IBRA rejects Permata plan to issue bonds
The Jakarta Post, Jakarta
The Indonesian Bank Restructuring Agency (IBRA) has rejected a plan by Bank Permata to issue bonds or rights shares aimed at bolstering its capital adequacy ratio (CAR).
IBRA said on Monday that the bank should first take other measures to improve its performance rather than depending on public funds from the issuance of bonds or rights shares.
"To date no approval for Permata to launch rights shares or bonds has been given. The bank was merged and received an injection of fresh capital (from the government); thus it must work out something else first," said IBRA deputy chairman I Nyoman Sender as quoted by Detik.com.
Sender said that Permata had several times requested IBRA's approval for the plan but it had been rejected each time.
He said that IBRA had not given any time frame for when the bank would be allowed to carry out its plan, but hinted out that IBRA would consider permitting the plan if there was no other way of improving the bank's performance.
Sender added that IBRA was also applying the same policy to other banks, such as Bank Lippo and Bank BII, which were all still under its majority control.
The banks were placed under IBRA's control after the agency bailed them out with government bonds in the wake of the 1997 economic crisis.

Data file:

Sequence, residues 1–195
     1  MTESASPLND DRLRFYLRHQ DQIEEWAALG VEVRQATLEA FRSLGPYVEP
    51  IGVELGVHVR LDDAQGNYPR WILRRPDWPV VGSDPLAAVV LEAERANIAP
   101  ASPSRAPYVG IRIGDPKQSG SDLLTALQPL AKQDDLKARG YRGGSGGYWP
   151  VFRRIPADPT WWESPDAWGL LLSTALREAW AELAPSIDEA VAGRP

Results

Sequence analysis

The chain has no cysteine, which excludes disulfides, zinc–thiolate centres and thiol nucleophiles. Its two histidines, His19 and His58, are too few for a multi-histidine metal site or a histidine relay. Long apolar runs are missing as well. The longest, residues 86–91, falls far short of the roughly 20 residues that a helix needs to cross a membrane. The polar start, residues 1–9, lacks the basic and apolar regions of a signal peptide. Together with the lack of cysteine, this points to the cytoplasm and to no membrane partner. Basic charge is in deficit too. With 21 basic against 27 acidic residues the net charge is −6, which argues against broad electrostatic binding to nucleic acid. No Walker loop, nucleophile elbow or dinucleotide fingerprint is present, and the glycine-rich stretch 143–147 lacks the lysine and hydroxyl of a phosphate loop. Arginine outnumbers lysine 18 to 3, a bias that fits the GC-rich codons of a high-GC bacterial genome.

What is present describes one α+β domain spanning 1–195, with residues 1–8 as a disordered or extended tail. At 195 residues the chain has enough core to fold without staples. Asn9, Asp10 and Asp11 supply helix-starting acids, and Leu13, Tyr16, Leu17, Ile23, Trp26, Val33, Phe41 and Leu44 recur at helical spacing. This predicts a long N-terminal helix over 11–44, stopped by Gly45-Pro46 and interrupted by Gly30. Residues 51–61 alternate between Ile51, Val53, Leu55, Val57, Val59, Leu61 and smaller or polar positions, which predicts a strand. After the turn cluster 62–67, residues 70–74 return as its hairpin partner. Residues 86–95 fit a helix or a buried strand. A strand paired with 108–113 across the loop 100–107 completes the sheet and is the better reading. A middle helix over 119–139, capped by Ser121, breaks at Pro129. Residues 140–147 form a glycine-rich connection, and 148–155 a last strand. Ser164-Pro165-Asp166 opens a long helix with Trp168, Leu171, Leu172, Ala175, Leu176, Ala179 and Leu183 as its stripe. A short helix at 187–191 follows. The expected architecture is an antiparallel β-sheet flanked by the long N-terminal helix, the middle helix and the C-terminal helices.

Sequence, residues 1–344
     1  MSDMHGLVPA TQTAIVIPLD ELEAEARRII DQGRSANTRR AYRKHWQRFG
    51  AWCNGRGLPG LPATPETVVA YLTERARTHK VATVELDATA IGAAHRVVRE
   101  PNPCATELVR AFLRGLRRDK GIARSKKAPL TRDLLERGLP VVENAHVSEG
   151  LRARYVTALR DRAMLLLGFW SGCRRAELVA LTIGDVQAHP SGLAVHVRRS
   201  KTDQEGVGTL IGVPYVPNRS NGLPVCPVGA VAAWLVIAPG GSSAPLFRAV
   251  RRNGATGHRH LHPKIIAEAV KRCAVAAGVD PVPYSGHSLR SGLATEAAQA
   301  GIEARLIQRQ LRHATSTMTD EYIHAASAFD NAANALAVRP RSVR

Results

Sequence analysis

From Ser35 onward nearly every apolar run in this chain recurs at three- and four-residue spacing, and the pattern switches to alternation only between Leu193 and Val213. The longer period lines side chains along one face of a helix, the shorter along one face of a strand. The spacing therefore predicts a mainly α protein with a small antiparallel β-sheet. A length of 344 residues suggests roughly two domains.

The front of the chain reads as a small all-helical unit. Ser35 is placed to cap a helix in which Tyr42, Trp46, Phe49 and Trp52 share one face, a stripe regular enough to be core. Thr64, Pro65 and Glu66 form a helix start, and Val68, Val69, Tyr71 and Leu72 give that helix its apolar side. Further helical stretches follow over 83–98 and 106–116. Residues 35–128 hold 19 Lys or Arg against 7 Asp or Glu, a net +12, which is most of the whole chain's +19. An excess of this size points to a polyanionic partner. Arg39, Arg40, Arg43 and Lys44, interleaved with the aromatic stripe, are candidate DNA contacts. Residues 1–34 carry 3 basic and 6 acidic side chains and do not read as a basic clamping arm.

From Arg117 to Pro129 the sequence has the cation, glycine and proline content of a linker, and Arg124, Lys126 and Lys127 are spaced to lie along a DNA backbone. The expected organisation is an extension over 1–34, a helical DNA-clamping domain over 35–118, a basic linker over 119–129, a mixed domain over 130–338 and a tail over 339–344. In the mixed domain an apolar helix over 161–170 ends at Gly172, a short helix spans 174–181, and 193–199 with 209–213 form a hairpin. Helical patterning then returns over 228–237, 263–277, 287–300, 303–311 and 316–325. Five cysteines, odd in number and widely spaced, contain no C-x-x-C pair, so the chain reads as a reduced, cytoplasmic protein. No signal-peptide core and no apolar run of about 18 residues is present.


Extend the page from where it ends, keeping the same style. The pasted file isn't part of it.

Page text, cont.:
IBRA owns 99.6 percent of Permata after it was injected with more than Rp 10 trillion (US$1.1 billion) in recapitalization bonds last year.
In the first semester of this year, Permata booked a Rp 151.4 billion net profit, up from Rp 47.8 billion in the same period last year. This was the result of a doubling of interest income to Rp 1.7 trillion.
As of June this year, the bank's CAR was 10.5 percent, down from 12 percent as of September 2002 when the bank was established through a merger of five banks. Bank Indonesia requires all banks to have a minimum CAR of 8 percent or else they will face closure.
Permata emerged as the country's 10th-largest bank from the merger of five ailing banks controlled by IBRA, comprising Bank Bali, Bank Universal, Bank Arthamedia, Bank Prima Express and Bank Patriot.
The agency used public funds to finance the merger of the banks. It plans to sell Permata shares early next year.